This blog documents a collaborative project by Lucas Ihlein and Ian Milliss investigating the work and influence of PA Yeomans, the Australian farmer and engineer whose early work in developing sustainable agriculture systems can also be seen as a model for a radical re-interpretation of the role of the artist.
Yeomans’ early research in developing sustainable agriculture systems has been internationally influential. His “Keyline design principles”, including his particular ploughing method for drought-stricken land, are now part of the sustainable agriculture curricula in many colleges and universities, as well as being embraced by Permaculture design courses.
However, since his death, Yeomans’ work has also been adapted by for sociological, psychological, and in some cases, even pseudo-religious purposes. As cities expand, some of the farms he experimented on are being reclaimed, controversially, as suburban housing developments. Yeomans’ name is regularly evoked on talk-back radio as a key to solving the social and ecological crisis of the Murray-Darling water allocations. And from our own point of view, we see Yeomans as providing an alternative historical model for regenerative Land Art.
The Yeomans Project will pursue all these strands simultanously. The project will involve active participation from a range of other artists, agriculturalists and rural interest groups, and will take the form of a blog, a series of workshops, prints and public tours.
This interdisciplinary research project would be centred around this blog. Beginning with an already extensive list of Yeomans’ connections, we will embark on a ‘rambling’ research method, in which leads are followed as they arise. The resulting experiences are published we expect they will lead to more discoveries, in a publicly performed, snowballing online feedback-loop.
The online and offline dialog betweenus will be complemented by material from a range of other participants, some of whom will be invited and others who we will discover en-route. As part of the project, we plan to print a series of diagrammatic “info-graphics” using the Big Fag Press; to run a bus tour from the Australian Centre for Contemporary Art out to a rural Victorian site to demonstrate keyline ploughing techniques; and to deliver a series of performative lectures about Yeomans as our research progresses.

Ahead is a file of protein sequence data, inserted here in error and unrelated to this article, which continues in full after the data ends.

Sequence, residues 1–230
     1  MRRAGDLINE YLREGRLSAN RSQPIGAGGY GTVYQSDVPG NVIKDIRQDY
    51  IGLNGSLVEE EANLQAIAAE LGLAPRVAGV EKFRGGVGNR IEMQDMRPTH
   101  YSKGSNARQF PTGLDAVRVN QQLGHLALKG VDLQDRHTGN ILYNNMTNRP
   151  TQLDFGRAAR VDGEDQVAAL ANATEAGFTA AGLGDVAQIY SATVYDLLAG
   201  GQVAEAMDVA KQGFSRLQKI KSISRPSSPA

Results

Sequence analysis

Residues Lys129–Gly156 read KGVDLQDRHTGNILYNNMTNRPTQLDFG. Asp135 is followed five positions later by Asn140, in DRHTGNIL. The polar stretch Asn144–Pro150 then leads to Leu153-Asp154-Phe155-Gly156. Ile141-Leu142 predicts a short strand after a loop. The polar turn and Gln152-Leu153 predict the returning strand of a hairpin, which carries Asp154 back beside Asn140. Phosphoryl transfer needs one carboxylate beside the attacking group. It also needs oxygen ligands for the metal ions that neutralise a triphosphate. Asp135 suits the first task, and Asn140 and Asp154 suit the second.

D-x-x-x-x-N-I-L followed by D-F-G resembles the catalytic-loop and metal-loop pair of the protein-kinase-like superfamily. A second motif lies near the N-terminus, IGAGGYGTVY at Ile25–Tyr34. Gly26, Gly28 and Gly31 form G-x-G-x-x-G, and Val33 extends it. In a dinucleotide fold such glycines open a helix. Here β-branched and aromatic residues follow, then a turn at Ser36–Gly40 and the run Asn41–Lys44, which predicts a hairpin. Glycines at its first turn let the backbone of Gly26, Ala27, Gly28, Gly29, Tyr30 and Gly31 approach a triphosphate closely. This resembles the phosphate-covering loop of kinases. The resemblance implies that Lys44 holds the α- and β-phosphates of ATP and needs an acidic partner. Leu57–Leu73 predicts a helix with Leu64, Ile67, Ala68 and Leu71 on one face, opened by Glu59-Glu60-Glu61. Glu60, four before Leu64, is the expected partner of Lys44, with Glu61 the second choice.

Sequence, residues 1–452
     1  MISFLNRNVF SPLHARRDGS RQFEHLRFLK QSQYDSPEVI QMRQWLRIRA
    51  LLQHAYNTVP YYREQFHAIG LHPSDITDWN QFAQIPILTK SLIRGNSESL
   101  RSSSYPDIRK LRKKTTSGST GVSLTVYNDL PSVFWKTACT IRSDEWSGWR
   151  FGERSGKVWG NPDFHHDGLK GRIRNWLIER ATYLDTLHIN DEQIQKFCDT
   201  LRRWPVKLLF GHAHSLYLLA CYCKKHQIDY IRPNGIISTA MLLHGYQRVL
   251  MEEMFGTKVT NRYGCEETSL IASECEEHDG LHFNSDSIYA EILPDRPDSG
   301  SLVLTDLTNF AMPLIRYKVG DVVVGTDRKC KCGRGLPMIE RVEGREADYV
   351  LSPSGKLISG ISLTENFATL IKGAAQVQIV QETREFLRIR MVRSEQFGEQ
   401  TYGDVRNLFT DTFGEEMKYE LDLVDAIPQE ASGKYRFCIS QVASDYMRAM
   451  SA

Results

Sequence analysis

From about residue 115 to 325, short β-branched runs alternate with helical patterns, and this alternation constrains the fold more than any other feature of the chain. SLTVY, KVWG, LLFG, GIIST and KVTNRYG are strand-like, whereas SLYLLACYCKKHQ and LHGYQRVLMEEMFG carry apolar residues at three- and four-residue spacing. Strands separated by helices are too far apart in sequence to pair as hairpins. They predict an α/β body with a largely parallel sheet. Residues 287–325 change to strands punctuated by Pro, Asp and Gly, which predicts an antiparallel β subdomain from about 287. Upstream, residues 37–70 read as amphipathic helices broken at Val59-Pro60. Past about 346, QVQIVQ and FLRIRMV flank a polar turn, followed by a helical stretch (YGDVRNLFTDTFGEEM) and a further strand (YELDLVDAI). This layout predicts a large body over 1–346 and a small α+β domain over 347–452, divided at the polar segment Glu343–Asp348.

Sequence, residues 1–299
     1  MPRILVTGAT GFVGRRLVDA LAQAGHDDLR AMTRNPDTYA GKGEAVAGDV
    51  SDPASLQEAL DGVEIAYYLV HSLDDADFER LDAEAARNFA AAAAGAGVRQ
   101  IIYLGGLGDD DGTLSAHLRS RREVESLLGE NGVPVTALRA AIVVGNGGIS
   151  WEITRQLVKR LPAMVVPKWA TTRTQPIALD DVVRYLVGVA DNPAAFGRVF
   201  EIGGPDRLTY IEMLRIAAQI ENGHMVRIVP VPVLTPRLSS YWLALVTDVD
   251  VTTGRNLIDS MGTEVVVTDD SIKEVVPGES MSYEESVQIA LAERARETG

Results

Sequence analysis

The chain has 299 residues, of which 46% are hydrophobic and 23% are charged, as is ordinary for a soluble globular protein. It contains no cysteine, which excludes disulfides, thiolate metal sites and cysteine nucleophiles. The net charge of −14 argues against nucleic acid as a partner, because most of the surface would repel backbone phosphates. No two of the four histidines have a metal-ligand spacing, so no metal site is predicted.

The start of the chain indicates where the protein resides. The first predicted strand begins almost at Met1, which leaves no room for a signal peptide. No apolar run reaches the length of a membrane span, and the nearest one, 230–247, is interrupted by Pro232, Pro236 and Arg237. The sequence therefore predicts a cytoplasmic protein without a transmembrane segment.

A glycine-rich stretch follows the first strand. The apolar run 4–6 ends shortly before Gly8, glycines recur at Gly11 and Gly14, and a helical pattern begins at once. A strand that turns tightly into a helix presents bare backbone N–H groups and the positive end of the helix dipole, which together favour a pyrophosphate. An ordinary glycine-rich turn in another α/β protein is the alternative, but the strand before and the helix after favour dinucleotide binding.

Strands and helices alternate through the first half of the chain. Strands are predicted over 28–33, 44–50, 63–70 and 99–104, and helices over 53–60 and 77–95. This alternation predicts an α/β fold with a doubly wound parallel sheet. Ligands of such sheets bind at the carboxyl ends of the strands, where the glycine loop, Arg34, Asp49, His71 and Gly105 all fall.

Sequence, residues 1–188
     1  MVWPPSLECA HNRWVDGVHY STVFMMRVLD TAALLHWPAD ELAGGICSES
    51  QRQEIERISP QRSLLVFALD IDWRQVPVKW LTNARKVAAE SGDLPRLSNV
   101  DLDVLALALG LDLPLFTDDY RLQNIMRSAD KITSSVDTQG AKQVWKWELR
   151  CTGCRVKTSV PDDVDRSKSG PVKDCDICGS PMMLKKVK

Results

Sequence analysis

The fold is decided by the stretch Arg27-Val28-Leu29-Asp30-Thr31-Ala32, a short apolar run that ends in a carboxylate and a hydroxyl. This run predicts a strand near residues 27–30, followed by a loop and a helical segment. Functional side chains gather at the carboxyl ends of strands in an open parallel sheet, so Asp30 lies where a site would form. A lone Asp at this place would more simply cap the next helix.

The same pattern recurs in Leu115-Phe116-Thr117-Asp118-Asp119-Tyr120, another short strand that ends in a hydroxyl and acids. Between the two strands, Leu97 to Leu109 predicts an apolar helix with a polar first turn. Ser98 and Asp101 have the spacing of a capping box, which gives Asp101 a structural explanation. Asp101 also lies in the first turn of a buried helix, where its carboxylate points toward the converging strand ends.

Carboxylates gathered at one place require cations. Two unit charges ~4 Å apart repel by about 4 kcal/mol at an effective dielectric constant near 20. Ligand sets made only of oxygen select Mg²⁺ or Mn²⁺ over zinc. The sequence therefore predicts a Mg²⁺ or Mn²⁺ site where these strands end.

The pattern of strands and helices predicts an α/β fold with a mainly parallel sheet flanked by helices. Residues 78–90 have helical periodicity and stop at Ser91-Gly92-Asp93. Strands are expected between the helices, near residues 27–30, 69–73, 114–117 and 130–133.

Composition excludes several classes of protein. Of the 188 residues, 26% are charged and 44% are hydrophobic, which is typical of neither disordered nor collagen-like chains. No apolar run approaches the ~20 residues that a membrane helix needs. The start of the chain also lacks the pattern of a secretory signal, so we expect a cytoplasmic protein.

Our project will take us to particular “sites of Yeomans significance”, such as his original demonstration farm in Kurmond, Western Sydney, and his final property in Orange; as well as to Milkwood Farm in Mudgee, and Australia Felix in Bendigo – where we will undertake practical training in Yeomans’ levelling and ploughing techniques. We will also visit Yeomans’ descendents, to explore his legacy from a more personal perspective. Urban experiments in water management, as well as informal Yeomans workshops, will be carried out at the TENDING garden located at Sydney College of the Arts.
Finally, we will revisit (via archival research) a project initiated (but never realised) in 1975, in which Ian Milliss planned to present an exhibition about Yeomans at the Art Gallery of NSW (the 1975 exhibition was cancelled because the trustees of the AGNSW felt that it resembled too closely an “agricultural trade show”.)